NexusDB has an internal event infrastructure that you can hook into by means of Monitors and Extenders. Monitors/Extenders allow to change the default behavior of database events that are fired on particular changes or conditions that occur within NexusDB's core engine. These function very much like triggers but due to its integration into the core of the database engine are actually much more powerful. Monitors and extenders always work together.
Some background information
Monitors get notified on creation of server internal objects such as sessions, databases, cursors, ... At this time the monitor can instantiate extenders and attach them to these objects.
Extenders can be attached to a variety of server internal objects. Once created they get notifications of events occurring within these objects (e.g. the posting of a record in a Cursor object) and can stop, change or extend the default behavior (e.g. disallowing post for certain users).
Monitors and Extenders can be used for many purposes: logging, custom security systems, referential integrity, ...
The event mechanism within NexusDB is extensive and complete; Monitors and Extenders empower you to exploit this mechanism.
An example - Keeping track of last update time of a record
An often needed requirement is to keep track when a record was created or last updated. This sounds easy to implement on the client side on first sight. Just use the OnBeforePost event of the TDataset and change the date. Well, bad luck if you're using a C/S solution that is running clients in different time zones for example. You will end up in a big mess.
Luckily this can be implement very easily in NexusDB. Here's how.
|•||Add a Created and LastUpdated field with type TDateTime to the table|
|•||Create a Monitor/Extender combo|
|•||Implement the methods for the Monitor class|
|•||Implement the methods for the Extender class|
|•||Add an instance of the Monitor to the Server, set the properties and recompile the server|
Add a Created and LastUpdated field with type TDateTime to the table
Now that's pretty simple and straightforward, isn't it? If you haven't already, please download and unzip the Demo Database into a directory of your choice. Then start the NexusDB Enterprise Manager (nxEnterpriseManager.exe). In the Servers window double click the Internal Server entry. The databases you've added in earlier sessions will appear now. Select the database pointing to the Demo Database directory or if that doesn't exist, add a new Database by clicking the right mouse button and selecting New Database Alias. Open the database by double clicking and press the right mouse button on the CD Table. In the menu select the Redefine item. In the dialog window that appears please add the two fields as shown here:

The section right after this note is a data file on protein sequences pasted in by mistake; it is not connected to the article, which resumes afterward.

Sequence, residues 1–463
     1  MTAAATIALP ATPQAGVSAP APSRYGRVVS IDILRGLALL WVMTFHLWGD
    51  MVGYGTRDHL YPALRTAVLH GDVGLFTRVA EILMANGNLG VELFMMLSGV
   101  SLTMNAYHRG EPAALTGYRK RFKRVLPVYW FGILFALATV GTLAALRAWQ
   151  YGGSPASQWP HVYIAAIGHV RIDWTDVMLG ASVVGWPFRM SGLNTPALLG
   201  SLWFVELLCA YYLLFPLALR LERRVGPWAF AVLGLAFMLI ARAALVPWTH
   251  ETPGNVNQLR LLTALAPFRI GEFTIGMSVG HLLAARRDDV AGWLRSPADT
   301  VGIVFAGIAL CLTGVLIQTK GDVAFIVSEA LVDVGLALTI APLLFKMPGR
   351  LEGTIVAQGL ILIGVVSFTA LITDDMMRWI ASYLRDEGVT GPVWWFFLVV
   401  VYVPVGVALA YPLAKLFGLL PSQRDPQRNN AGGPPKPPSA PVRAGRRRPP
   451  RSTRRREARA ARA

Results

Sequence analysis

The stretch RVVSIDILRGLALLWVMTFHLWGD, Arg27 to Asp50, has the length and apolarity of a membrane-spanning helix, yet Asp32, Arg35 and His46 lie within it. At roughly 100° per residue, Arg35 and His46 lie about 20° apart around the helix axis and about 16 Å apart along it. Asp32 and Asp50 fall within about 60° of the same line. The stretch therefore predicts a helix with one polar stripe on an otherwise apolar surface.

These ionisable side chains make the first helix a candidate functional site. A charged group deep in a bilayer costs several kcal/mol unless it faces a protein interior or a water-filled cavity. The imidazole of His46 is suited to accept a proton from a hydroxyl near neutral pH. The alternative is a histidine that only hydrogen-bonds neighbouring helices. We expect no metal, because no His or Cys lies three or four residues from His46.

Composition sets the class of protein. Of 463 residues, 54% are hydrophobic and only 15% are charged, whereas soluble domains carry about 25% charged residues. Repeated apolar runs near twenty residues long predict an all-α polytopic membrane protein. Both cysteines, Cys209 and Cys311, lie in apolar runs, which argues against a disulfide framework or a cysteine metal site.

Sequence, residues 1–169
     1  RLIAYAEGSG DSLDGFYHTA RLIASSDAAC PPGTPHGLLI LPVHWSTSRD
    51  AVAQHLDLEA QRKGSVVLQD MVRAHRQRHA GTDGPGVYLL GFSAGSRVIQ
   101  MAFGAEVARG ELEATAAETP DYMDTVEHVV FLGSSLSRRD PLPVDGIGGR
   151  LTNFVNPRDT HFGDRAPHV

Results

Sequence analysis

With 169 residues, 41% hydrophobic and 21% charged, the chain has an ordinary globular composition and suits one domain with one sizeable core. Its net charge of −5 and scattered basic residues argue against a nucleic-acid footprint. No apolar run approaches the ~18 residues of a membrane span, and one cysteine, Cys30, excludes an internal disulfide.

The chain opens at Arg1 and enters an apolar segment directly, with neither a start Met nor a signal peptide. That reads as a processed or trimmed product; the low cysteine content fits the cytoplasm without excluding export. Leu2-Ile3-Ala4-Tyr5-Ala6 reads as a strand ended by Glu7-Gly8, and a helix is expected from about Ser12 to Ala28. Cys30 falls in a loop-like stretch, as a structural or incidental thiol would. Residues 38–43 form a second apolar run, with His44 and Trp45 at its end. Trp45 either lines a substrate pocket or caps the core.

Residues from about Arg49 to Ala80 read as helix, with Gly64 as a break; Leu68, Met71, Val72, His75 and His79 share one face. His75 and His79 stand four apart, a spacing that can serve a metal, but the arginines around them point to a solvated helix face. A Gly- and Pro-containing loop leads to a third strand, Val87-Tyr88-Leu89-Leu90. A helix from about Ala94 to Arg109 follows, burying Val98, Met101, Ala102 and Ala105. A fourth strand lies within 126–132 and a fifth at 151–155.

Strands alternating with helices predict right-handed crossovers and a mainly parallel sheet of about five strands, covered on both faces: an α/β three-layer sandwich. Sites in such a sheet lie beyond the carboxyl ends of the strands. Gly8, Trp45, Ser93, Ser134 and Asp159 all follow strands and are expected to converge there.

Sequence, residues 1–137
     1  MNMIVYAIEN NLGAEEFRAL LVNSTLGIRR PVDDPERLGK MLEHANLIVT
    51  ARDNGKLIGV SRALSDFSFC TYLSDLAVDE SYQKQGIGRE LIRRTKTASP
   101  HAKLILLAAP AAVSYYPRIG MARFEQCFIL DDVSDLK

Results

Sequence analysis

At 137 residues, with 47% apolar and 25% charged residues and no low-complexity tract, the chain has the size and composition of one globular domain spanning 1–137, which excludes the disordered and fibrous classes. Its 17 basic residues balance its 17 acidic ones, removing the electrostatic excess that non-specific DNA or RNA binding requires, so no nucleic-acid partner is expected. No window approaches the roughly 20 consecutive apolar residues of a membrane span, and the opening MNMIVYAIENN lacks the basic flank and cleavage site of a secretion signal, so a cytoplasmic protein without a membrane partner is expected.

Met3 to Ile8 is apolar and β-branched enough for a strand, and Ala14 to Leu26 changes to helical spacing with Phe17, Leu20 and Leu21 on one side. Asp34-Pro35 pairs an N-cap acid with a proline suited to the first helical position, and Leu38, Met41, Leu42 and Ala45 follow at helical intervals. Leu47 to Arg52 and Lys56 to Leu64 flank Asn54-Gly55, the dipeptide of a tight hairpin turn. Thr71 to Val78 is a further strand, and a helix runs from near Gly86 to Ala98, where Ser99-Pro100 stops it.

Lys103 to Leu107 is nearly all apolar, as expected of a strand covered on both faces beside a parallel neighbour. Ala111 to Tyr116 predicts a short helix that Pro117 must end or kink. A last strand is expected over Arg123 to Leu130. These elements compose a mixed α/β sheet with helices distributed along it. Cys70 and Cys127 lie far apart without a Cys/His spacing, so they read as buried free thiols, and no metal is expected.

Please note the selection of the CurrentDateTime descriptors in the Default Descriptor column. This will for all new records set both fields to the Server time of the record creation. In other words that means that we don't have to bother with setting the Created date manually for newly added records.
Hint: Default Value Descriptors
In NexusDB every field is set to a certain default value when a new record is created and is in the default setting the constant NULL. When defining the structure of a table the developer can assign a different value as Default Value to each field or can assign a different Default Value descriptor. Readily available descriptors are Const and CurrentDateTime. The developer can implement his own descriptors and register them into the NexusDB server if required.
Please note that the default values will be applied to newly added fields on restructure of the table. They are not applied to already existing fields, even if they are NULL.
When you have added the new fields press the Restructure button and repeat the same for the Tracks table. The two tables now have these new fields which are initialized to the restructure time. We have now prepared the data structure and can commence to step 2.
Create a Monitor/Extender combo
As mentioned above a monitors and extenders always work together. So we will now create a monitor that will get notified every time a new NexusDB server object is created. For this we will create a new package so we can register and install it into the Delphi component palette.
Start Delphi, and select New->Other from the File menu. In the New Items dialog select Package from the New tab and press ok. This will create new Delphi package project. Press CTRL-S and save the new project to your liking. Now press the Add button to create a new component. Fill out the New Component tab of the popping up dialog like this:
Press the OK button and Delphi will create new unit including the component registration code for you. Press CTRL-S to save the unit to nxLastUpdatedMonitor.pas. If you compile and install the package now Delphi will add a new component to the NexusDB palette.
We've successfully created and installed our own monitor class, so it's time now to add the code for our own extender.
Implement the methods for the Monitor class
Since every extenders has to be descended from nxBaseEngineExtender, we define our own class descendet from it. For this we add the following code to the interface of nxLastUpdatedMonitor:
TnxLastUpdatedExtender = class(TnxBaseEngineExtender)
As mentioned above, the monitor will later be attached to a ServerEngine and get notified by this engine about every creation of a server object (which are all descendants of TnxExtendableServerObject). This notification is done by calling the ExtendableObjectCreated method of the monitor, which is defined as
procedure ExtendableObjectCreated(aExtendableObject : TnxExtendableServerObject); override;
The purpose of a monitor is to attach a certain extender instance to the object created. To do this we simply override above method and create an instance of our TnxLastUpdatedExtender class.